Sunday, December 27, 2009
Sunday, December 20, 2009
This day started at 5AM with me harvesting some branches from my collection of dried curly willow for the aisle flowers. At 6AM, both my hands were already full of white paint. By 8AM, I was carrying some stuff to the ceremony area.By 9AM when my staff arrived, I already finished the job by 70%. Yes, that was how ganado I was for this event, ha ha! By 9.30AM, I cleaned my hands (my hands smelled of thinner the entire day), bathed, changed into my formals and drove to The Astoria Plaza to deliver the flowers. It's been a weird day actually: umaaraw na umuulan. I have been praying hard because this is my last garden event for 2009 and oh, dear God, He can't allow it to rain today! Hours after, we keep on thanking the heavens for giving us the chance to do this beautiful wedding. To A & J, all the best to you! Thank you, thank you so much!:-)
ENTOURAGE FLOWERS BY DYLAN GOZUM
For the first time in my almost five years of working with flowers, I was tempted to use a floral spray. One of my suppliers' interpretation of "burgundy" was something that looked like deep plum (or black, if you want to call it that). For the first time, too, I cried. I have never been this disappointed before. One of those days when you wish you owned a backhoe.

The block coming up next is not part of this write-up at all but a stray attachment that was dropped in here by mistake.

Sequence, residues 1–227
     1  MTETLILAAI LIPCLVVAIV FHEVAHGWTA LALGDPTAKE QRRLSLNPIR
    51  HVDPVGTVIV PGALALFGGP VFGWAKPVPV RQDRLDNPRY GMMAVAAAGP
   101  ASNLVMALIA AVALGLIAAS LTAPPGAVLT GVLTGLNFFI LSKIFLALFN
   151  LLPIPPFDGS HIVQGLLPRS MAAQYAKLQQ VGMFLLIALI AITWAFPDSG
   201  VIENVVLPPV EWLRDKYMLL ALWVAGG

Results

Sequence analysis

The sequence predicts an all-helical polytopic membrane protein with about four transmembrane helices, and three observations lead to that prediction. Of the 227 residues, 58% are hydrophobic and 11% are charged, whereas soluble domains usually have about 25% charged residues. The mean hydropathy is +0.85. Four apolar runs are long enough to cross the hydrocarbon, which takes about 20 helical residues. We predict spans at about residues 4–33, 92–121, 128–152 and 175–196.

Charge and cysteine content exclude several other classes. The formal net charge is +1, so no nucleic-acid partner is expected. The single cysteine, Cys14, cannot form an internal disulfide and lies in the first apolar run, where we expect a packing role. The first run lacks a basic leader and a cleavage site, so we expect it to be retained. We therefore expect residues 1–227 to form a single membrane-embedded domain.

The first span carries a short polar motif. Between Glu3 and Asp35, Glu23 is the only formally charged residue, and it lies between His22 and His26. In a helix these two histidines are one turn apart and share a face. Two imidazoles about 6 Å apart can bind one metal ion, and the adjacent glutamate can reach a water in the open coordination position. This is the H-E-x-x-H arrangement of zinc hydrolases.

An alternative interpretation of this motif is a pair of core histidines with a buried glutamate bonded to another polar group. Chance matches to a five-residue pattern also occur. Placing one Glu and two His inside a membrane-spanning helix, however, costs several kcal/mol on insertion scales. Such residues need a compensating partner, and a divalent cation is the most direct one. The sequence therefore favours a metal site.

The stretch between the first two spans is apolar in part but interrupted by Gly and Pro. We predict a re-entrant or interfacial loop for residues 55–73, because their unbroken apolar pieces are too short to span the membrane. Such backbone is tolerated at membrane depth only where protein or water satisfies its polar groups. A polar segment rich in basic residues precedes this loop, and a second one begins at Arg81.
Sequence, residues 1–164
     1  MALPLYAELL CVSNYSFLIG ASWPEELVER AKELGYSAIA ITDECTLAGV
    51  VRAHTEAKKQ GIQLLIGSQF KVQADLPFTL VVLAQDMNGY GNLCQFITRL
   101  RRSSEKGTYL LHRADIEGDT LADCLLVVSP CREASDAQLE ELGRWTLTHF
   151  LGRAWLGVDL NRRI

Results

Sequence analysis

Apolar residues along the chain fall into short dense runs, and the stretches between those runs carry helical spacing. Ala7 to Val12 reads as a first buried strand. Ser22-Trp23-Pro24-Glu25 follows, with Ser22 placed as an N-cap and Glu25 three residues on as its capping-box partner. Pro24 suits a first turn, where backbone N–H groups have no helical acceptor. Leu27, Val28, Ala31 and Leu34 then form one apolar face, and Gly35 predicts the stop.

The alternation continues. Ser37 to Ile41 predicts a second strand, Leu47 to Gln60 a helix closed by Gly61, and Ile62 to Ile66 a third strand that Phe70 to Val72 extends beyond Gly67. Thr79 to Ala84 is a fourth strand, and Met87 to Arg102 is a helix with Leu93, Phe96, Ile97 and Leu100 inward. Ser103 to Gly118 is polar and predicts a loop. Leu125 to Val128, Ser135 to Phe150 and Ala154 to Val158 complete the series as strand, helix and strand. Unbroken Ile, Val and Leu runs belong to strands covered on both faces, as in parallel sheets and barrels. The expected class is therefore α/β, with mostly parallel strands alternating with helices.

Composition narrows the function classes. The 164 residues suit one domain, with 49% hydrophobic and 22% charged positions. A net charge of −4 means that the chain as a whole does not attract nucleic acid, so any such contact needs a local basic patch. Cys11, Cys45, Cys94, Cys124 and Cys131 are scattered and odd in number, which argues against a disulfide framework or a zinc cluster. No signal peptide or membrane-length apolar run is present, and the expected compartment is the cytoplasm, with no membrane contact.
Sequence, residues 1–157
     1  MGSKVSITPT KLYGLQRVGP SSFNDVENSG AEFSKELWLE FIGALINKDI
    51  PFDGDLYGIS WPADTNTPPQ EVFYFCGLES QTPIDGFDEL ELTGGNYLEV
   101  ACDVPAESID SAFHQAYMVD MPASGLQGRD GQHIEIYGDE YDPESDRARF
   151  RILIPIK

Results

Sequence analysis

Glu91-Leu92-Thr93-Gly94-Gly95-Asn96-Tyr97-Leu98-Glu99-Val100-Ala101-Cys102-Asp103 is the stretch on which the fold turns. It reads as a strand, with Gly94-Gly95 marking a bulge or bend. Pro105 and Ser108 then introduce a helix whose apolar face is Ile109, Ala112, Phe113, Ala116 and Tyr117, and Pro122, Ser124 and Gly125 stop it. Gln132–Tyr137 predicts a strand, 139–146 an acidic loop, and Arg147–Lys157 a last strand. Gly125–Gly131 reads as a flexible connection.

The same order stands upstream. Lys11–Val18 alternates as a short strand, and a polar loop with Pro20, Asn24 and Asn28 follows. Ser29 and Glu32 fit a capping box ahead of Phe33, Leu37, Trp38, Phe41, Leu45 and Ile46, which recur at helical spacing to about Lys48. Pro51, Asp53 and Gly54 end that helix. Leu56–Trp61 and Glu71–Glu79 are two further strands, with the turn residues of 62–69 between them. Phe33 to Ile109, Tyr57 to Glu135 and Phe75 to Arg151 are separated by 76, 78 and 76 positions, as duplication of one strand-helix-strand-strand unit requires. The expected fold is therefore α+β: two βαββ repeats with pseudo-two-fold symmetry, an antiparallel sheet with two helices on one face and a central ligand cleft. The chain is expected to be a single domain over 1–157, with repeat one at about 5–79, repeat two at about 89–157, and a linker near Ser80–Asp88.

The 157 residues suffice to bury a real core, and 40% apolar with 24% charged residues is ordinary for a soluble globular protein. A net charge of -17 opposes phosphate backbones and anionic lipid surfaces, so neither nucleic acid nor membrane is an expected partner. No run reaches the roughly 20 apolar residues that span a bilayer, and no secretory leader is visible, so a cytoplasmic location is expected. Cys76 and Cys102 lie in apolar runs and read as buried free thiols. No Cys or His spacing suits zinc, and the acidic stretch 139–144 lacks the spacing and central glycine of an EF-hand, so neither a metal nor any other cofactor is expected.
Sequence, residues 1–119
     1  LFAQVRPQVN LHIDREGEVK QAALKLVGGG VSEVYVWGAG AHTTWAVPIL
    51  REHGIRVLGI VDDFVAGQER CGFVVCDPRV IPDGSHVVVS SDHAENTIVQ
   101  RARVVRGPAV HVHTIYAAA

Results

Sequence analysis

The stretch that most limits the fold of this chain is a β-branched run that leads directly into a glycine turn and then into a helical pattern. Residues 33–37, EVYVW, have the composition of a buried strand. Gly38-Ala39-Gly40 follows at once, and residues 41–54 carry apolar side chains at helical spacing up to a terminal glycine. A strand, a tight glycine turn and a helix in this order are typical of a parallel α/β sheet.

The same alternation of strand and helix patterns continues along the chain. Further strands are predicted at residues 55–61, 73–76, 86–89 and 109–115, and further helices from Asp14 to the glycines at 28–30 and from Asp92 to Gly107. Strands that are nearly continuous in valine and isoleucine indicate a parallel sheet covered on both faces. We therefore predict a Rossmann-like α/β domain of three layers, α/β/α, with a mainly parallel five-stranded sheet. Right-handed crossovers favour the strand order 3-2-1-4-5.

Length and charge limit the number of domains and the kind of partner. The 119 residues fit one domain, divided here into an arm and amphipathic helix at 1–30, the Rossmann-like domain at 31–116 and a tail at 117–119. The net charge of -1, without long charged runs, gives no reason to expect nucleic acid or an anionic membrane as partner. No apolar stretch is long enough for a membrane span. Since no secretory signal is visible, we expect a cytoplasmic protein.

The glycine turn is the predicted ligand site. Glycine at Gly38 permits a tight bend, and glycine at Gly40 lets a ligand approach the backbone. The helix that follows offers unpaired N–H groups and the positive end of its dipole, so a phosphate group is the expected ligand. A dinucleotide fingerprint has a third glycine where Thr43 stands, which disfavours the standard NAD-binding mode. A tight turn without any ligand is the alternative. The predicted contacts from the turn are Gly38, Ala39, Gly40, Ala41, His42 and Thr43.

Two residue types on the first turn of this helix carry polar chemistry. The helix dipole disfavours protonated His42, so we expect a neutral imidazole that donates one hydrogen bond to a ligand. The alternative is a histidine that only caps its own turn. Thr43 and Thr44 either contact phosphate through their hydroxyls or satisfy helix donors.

To cut the long story short, all I had to do was to be honest about the problem of the mini Calla's red shade with the bride, Joan, and get it over with. Torn between the Black Star & Deep Mozart, I chose the latter because it was the closest to our color scheme. It was a good choice. First, because the flowers of the ceremony were already too red & the entourage's gowns were so dark. If the bouquet were just as red, it wouldn't have stood out. Indeed, Plan Bs sometimes turn out to be better than Plan As. Anyway, we also made faux Fiddle Head Ferns.
Left: A happy mix of fuchsia Cymbidium orchids, roses, Carnations, & Snapdragons are nestled comfortably in this polished nautilus shell (ordered from my suki at Ils-de-Tuls at P500/each). Right: For the kids, easy-to-carry tin pails with lush pink Alstromeria made dramatic by black satin ribbons.
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Saturday, December 19, 2009
There is no doubt that when it comes to flowers, yellow is Vatel Manila's favorite color. Who can deny the joy that the color yellow brings? Yellow is the sun, the shine that takes away the gloom.